Tuesday, June 06, 2006

Lapsus linguae

EITHER a lack of pies or pack of lies—that’s what critics and detractors heard from the current Malacañang top resident. We need to get a disappointment with an ear specialist quick. If not, we’ll likely hear verbiage as garbage.

Take that outburst, “I am the best president.” That wasn’t an exercise of bragging rights. It wasn’t cold appraisal of one’s competence. It wasn’t a shriek off a delirious imagination. It’s either one of those sound bites or bound sights that ghostwriters fed her. That could also be heard as a ruefully honest confession, “I am the pest resident.”

Remember that spoony admission? “I am sorry.” Some people with hearing problems heard that as “I am rosy.”

Face it, most Filipinos are growing hungrier these days, not even the P30 billion – give or take a few billions – earmarked, no pun intended, as subsidy for rice and instant noodles can curb widespread starvation. So fill our souls with hope or fill our holes with soap and be quick with the screwing. Ease our tears or tease our ears.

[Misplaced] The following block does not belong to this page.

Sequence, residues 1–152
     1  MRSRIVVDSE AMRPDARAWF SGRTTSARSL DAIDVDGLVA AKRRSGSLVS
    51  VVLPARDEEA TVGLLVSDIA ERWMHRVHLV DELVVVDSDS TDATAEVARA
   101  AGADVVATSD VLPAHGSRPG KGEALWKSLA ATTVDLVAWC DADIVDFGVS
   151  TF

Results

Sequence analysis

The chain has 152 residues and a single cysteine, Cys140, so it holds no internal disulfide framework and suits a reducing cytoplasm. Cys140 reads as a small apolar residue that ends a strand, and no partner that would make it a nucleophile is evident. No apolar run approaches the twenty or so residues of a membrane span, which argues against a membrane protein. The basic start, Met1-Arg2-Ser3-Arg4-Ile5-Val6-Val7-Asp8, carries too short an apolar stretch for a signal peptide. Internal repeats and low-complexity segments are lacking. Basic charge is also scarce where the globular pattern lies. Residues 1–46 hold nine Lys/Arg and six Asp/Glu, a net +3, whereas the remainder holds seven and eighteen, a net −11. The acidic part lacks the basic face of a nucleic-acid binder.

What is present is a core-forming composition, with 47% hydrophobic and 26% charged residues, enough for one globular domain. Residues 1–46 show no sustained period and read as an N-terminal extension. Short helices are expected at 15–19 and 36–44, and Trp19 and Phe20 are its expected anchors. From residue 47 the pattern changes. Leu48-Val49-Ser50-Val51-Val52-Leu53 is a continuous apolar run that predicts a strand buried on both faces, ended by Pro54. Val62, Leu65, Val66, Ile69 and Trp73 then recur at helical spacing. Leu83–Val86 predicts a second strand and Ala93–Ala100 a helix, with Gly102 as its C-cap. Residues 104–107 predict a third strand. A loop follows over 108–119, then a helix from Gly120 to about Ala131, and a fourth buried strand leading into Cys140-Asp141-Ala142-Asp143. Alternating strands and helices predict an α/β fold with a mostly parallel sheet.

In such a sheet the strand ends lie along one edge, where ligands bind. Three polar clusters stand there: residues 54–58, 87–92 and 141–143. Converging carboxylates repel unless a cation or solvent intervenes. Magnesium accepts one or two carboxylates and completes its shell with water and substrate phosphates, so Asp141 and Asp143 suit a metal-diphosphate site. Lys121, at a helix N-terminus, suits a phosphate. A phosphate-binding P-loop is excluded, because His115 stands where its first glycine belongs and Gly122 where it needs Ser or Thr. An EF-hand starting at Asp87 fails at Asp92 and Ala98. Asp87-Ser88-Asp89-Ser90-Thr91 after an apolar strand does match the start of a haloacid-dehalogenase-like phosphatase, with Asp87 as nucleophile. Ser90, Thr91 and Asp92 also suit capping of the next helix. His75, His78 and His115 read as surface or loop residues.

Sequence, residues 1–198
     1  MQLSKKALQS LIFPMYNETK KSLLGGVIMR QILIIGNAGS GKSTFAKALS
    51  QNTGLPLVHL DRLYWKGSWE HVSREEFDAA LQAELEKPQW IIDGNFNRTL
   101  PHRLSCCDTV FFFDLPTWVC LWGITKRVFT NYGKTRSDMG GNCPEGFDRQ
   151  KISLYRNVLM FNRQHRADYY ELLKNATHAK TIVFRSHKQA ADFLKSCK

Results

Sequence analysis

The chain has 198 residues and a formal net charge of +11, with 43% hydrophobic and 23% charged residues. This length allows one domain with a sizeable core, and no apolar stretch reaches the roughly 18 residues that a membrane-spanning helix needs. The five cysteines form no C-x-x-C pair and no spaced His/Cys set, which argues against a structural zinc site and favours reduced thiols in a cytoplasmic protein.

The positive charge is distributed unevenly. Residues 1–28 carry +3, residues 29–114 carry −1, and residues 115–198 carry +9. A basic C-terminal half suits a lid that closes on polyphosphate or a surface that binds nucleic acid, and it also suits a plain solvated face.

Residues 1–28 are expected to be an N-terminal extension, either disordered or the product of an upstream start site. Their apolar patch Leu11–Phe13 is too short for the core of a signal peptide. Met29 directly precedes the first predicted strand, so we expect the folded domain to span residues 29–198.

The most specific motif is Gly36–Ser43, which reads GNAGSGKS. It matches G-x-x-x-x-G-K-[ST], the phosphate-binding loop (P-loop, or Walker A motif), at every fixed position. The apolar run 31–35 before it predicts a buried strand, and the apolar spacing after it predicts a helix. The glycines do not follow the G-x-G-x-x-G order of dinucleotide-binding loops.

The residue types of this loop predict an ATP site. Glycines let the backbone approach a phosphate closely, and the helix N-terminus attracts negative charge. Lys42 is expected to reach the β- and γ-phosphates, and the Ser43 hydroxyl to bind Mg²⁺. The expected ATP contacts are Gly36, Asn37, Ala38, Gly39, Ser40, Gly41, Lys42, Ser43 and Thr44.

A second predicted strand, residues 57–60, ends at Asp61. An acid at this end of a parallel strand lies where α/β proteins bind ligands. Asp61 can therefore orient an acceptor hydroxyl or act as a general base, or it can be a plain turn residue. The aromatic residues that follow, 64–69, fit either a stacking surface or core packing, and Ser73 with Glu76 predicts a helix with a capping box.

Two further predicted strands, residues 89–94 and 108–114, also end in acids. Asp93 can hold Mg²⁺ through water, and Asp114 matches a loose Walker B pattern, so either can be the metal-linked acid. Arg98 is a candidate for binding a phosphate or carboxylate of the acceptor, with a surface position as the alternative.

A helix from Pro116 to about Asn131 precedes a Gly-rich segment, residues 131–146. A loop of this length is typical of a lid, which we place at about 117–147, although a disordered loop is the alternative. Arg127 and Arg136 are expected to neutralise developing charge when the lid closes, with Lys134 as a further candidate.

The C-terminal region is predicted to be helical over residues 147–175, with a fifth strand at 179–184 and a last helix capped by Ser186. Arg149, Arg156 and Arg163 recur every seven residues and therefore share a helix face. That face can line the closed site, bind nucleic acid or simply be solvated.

Experts point out that hungry people are often hard of hearing.There’s a persistent often pernicious ringing in the ears of a hungry man, the ringing even sounding like a ring tone followed by a too-familiar salutation: “Hello Garci…”

Nobody would dare tell to a hungry nation, “Fiends, romance and infantry men, lend me your ears.” So we must forgive ourselves for gasps in catchment, lumps in judgment, maybe jumps in budget management, why, the Palace top resident stands to get some chunky P800 billion pork barrel this year—no mad bunny, no bad money eh?

Aside from a merry mix-up of minced words in official pronouncements, hunger can also breed hideous behavior. A hunger-prone tribe in Africa, as reported by The Economist, lives in selfishness and conflict, each family member competing with others for food.

The same report notes: “In China, a proverb, ‘Swap child, make food,’ referred to the practice in periods of extreme famine of swapping a daughter’s corpse with that of a neighbor’s and boiling it into soup.”

Whether the pronouncements plied off Malacañang are plain lapsus linguae or painful lapses in judgment, we need not strain our collective ears to hear ‘em loud and clear. We’ve heard those same old tunes before, have we not?

A lack of pies, a pack of lies—they sound the same to the hungry.

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